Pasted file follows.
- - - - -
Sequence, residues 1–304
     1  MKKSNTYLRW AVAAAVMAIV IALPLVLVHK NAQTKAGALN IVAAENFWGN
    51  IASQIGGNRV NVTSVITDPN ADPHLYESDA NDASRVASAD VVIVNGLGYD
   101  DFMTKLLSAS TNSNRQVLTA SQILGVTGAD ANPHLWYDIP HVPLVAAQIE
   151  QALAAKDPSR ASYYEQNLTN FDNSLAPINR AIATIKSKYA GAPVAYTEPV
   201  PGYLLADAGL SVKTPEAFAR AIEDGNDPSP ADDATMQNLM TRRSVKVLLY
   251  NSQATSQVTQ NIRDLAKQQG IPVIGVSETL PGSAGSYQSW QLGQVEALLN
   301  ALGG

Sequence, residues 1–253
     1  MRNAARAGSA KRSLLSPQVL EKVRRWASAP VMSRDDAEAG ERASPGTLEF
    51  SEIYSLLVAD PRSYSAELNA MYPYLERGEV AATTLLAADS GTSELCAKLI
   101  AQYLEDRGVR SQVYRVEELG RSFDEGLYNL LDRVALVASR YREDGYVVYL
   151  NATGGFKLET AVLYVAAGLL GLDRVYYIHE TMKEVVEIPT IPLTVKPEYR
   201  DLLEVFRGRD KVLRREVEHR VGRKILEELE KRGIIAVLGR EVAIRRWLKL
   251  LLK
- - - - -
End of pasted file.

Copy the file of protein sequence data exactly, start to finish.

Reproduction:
Sequence, residues 1–304
     1  MKKSNTYLRW AVAAAVMAIV IALPLVLVHK NAQTKAGALN IVAAENFWGN
    51  IASQIGGNRV NVTSVITDPN ADPHLYESDA NDASRVASAD VVIVNGLGYD
   101  DFMTKLLSAS TNSNRQVLTA SQILGVTGAD ANPHLWYDIP HVPLVAAQIE
   151  QALAAKDPSR ASYYEQNLTN FDNSLAPINR AIATIKSKYA GAPVAYTEPV
   201  PGYLLADAGL SVKTPEAFAR AIEDGNDPSP ADDATMQNLM TRRSVKVLLY
   251  NSQATSQVTQ NIRDLAKQQG IPVIGVSETL PGSAGSYQSW QLGQVEALLN
   301  ALGG

Sequence, residues 1–253
     1  MRNAARAGSA KRSLLSPQVL EKVRRWASAP VMSRDDAEAG ERASPGTLEF
    51  SEIYSLLVAD PRSYSAELNA MYPYLERGEV AATTLLAADS GTSELCAKLI
   101  AQYLEDRGVR SQVYRVEELG RSFDEGLYNL LDRVALVASR YREDGYVVYL
   151  NATGGFKLET AVLYVAAGLL GLDRVYYIHE TMKEVVEIPT IPLTVKPEYR
   201  DLLEVFRGRD KVLRREVEHR VGRKILEELE KRGIIAVLGR EVAIRRWLKL
   251  LLK